Review: EPOS H3 Gaming Headset

EPOS has been making a name for themselves over the past couple years as a viable option for gaming headsets. Their newest gaming headset is the EPOS H3, which is the next evolutionary step of the EPOS Sennheiser GSP 300 series. While the latter headset is still available from EPOS, the H3 attempts to bring the design forward based on new engineering tricks and responding to consumer feedback. The purpose of the H3 is to deliver good sound quality across a variety of platforms, merging quality with convenience. Hardcore Gamer got our hands on an H3 and we tested how well it delivers on its promise.

The H3 is a plug and play analog headset, so it requires no software or and does not support Bluetooth connectivity. Just find a device with a 3.5 mm input jack and it’s ready to go. The H3 comes with a 4-pole 3.5 mm jack which is standard for consoles and phones and two 3-pole 3.5 mm jacks for devices that support separate headphone and microphone plug ins like many PCs do. iPhone users and certain Xbox controllers without an adapter are out of luck, but the H3 is compatible with just about any other device.

The H3 is a closed acoustic gaming headset meaning that it will block out some external noise, which is beneficial both for staying in the game and nice when dealing with other humans in environments such as public transit. The microphone has the convenient lift-to-mute boom mic to go along with the simple intuitive volume knob. The ergonomic lightweight design allows the H3 to be comfortable for extended periods of time, whether it’s spent playing games or watching videos on a tablet during a flight. There’s a built-in stainless steel slider in the headband to get the most comfortable fit which also has a slight dent at the top to relieve pressure on the top of the user’s head. The ear cuffs are shaped like ears to help avoid additional pressure, which is further reduced by using angled speakers, so the H3 has a lot of features worked into it to provide a level of comfort that matches its convenience.


The speaker system is specifically tuned for gaming and for a passive plug and play headset with a $119 price point the sound quality is impressive. The H3 is able to hit the sweet spot where it puts emphasis on the low end without making the bass muddy or overpowering. The nuances in the midrange that are often lost in stock TV speakers or cheap headphones are clear and prominent in the mix, with high-end frequencies remaining crystal clear. One of the more impressive feats of the H3 is while it is a plug-and-play stereo headset, it can transfer the effect of surround sound when paired with Xbox Windows Sonic system, Sony 3D Tempest Engine or a 3D-audio enabled soundcard. It’s audio wizardry to make a passive binaural headphone mimic the effect of 3D audio. It might not be as immersive as using a 7.1 speaker system or a headset that’s engineered specifically for 3D audio, but for the different devices the H3 is compatible with and for the price point there’s nothing to complain about. The mic is studio quality, and while it doesn’t have its own volume knob, people online didn’t seem to have any trouble communicating.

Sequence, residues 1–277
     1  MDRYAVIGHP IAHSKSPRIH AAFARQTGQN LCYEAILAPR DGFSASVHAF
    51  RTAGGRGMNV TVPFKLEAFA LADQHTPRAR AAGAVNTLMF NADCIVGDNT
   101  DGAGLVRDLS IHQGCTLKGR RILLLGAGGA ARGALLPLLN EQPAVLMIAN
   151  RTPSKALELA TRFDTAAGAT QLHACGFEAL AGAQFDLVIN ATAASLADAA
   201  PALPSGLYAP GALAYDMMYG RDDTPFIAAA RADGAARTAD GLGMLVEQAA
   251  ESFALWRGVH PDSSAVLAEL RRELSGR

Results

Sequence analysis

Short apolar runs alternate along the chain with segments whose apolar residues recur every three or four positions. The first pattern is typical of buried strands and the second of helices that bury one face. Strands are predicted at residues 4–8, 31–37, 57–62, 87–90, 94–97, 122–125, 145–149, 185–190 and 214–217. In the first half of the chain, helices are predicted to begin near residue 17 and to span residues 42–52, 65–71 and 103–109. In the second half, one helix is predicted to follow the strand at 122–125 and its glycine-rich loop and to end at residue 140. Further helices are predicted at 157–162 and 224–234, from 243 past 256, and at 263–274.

The H3 is a versatile and convenient headset. It requires no software or firmware updates and is a simple plug-and-play headset. It does work with phones, tablets and just about any console with a 3.5mm input jack. It’s a passive headset that responds well to audio software. Using it with a PS4 controller or Switch, for example, will deliver high-quality audio, but it has no surround sound capabilities of its own, but as mentioned in the previous paragraph if paired with such software the effect will be noticeable in the headset. A good way to look at the H3 is as a high quality but no frills headset, but it does respond well to whatever audio enhancers the user can pair with it. The H3 is available in both black and white variants.


Closing Comments:

The EPOS H3 is a great headset when compared to other models at its price point, and actually is one of the nicer EPOS headsets I’ve tested. The construction feels durable, though only using the headset for a couple weeks is difficult to gauge how much longevity can be expected. The new approach to the design translates to the H3 being comfortable for extended periods of time, like two or three hours. The sound quality is great and is only limited by the source material. The lack of on-board audio features can easily be corrected by pairing the H3 with the right EQ or surround sound software. For overall quality, finding something better than the EPOS H3 Gaming Headset at the price point would be a difficult task.